The Simpsons Combines K-Pop, Beer, and Democracy
Duffman solves a problem without alcohol in The Simpsons’ “From Beer to Paternity.”
This The Simpsons review contains spoilers.
The Simpsons Season 34 Episode 7
Homer Simpson isn’t the best dad on TV. He has a passing resemblance to the most representational, and he’s learning. The Simpsons gives him the chance to pass on his accumulated wisdom in “From Beer to Paternity,” but it gets there anyway.
The basic story is about Duffman, who is losing an election to retain his title as Duff Beer’s sudsiest representative, while trying to win back his estranged daughter, Amber. Fanboy Homer goes along for the ride, but Lisa is actually navigating. The waters are surprisingly treacherous, and nowhere near as refreshing as beer. Episodes focusing on the relationship between Lisa and Homer consistently provide wide arcs, presenting some of bona fide classics. “From Beer to Paternity” has heart and a journey Duffman can respect.
Bringing a secondary character into the father-daughter mix helps with perspective, and falls into the Simpsons tradition where Homer is found lacking by almost any comparison. Duffman is an interesting correlation. He obviously is a worse father than Homer, already established as a low bar, and fumbling through cancel culture as clumsily as the drunks who are his people. The problem of the soon-to-be-formerly successful mascot is that “with great pilsner comes great infidelity,” which he always took as part of the job, and the entitlement of boozy celebrity. It’s not his fault, the episode opens with a Duff Commercial from the 1950s which is downright demeaning in its assessment of housewives’ abilities, and the company’s image has always been to party on. But as the Duff marketing executive says, “those days may have been the days back then but these days aren’t those days anymore.” These days the party’s off.
Duffman is under serious competition in the mascot contest, including a Woketopus who pushes every button on diversity appeal, and Helen Mirren, clueless to she’s endorsing and still a favorite to win. The segment where Duffman tries to shore up support is a mixed bag of obvious reveals, such as dousing the women’s legal diversity initiative meeting, and subtle visual gags, like getting Ruth Bader Ginsburg’s book thrown at him.
The support group of fathers-of-estranged-daughters, including Kent Brockman, Rainier Wolfcastle, Superintendent Chalmers, and Mr. Hibbert, make a few very good points, and move on thankfully fast. The most cautionary tale comes from Krusty, who explains why a self-published rebuttal book is a clownish legal strategy. The calls to “ignore us,” however, prove recycled gags still produce energy. Chick magnets aren’t just prop comic toys in this episode, except when they are. There is just enough foreshadowing that the audience knows what is coming before we get pulled in, and it still provides a quick giggle, if you don’t think about it too long.
There are a lot of individually hysterical lines in the midst of the bonding. The Agatha Christie Museum has a special celebration of the mystery writer’s top red herrings. But sorry Charlie, a tuna mascot selling canned seafood does come across a little cannibalistic. Homer’s backwards logic is in rare form tonight, from his disappointment in Marge for not sleeping with Duffman, to telling Lisa to wash her mouth out with beer. Homer’s great reveal isn’t that he had his first beer at 13, but he will have his last at 54. It is a glimpse into almost all his motivations.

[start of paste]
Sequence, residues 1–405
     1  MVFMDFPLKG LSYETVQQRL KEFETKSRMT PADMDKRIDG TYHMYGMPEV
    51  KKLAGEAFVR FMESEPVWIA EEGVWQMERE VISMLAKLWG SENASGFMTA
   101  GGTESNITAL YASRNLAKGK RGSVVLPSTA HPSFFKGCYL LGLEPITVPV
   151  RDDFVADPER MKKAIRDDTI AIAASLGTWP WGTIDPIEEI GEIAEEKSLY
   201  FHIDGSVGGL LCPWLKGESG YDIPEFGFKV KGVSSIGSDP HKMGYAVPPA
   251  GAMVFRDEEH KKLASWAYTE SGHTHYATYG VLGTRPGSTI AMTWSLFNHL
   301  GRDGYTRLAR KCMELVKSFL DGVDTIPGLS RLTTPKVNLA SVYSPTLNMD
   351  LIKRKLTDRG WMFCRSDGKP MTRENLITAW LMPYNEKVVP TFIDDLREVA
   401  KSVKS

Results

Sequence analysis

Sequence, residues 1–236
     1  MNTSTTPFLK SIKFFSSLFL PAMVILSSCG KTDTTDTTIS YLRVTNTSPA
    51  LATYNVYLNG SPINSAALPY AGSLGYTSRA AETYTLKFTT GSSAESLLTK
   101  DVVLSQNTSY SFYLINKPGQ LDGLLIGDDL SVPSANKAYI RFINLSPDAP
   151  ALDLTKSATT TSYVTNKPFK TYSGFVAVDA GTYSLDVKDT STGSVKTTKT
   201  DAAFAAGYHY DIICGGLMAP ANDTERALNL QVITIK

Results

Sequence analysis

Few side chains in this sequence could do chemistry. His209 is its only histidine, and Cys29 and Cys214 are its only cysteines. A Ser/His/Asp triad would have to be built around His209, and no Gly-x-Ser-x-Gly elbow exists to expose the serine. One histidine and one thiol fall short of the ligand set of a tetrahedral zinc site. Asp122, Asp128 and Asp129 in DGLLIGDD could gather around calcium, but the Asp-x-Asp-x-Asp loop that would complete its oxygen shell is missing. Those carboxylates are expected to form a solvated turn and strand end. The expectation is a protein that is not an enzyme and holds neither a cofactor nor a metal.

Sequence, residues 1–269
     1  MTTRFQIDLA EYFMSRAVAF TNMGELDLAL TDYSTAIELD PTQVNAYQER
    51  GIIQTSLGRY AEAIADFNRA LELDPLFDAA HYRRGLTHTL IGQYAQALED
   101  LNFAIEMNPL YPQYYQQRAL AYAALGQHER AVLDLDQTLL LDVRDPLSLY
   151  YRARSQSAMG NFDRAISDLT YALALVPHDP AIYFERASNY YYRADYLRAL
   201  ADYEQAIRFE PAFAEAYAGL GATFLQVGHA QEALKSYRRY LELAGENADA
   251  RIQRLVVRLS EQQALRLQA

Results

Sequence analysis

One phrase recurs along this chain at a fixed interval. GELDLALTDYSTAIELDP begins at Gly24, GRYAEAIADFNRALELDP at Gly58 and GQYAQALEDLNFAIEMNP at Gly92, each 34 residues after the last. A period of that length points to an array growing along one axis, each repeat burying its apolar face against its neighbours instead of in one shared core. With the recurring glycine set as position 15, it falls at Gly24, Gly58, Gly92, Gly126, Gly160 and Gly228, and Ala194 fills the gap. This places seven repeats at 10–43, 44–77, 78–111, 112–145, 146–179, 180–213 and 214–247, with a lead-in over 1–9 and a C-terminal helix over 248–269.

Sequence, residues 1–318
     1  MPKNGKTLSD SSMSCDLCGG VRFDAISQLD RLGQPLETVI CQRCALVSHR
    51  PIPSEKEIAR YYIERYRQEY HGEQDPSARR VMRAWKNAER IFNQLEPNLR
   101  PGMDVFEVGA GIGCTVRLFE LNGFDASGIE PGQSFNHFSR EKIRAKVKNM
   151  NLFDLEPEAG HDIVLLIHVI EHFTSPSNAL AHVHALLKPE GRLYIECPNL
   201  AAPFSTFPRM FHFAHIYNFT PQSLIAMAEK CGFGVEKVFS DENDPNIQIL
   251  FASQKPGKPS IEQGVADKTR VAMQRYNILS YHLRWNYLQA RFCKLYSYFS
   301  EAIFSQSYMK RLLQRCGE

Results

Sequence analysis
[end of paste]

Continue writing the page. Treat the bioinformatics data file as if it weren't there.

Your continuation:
The discussion Homer and Lisa have in the car, using their hope for Duffman and Amber’s reconciliation as a stand-in for their own problems, is a tidy fix with anger and disappointment mixed with emotional resonance and vulnerability. Even if Homer did, initially, prefer making the road trip with Lisa Bonet. The sequence shortcuts all the beats without missing any of the feel. The common ground comes organically as their clipped deliveries soften into reconciliation. It is a shame Duffman doesn’t drop into his real voice more often, it would have given his character a chance to deepen his subplot.
Duffman learns many lessons in “From Beer to Paternity.” The most obvious being how Kombucha is now classified as an adult beverage, which he can never hawk. He also learns not all Duffocrats are doves, some tote guns to mascot conventions. He is brutally reminded he can no longer compete with the Mucinex Loogie. And while his biggest takeaway from the “all chicks are somebody’s daughter” revelation is that some chicks are guys, he does come to terms with the times.
The highlight of the episode is hearing Homer, Duffman, and Lisa sing, in Korean, along to Blackpink’s “Lovesick Girls” on the road trip. It’s no wonder Kim Jong-un would plan to kidnap the American TikTok sensation with the handy beer-hose belt. For all the rules of parenting learned on the road, Duffman finds the perfect father figure in Puff Daddy.
“From Beer to Eternity” is an effective character expanding episode, which mixes the rush of a popularity downfall with the sadness of the climb to the top. It suffers from a lack of Bart, who only brings one line of abrasive counterpoint. Marge’s commentary is concise, perceptive, and cutting. But the only truly new wrinkle in the father-daughter dynamic is the “prop daughter” and how it is mirrored by the two fathers. The Simpsons consistently finds the easiest place to land, but leaves enough bruises so make them think twice about doing it again. At least until the next time.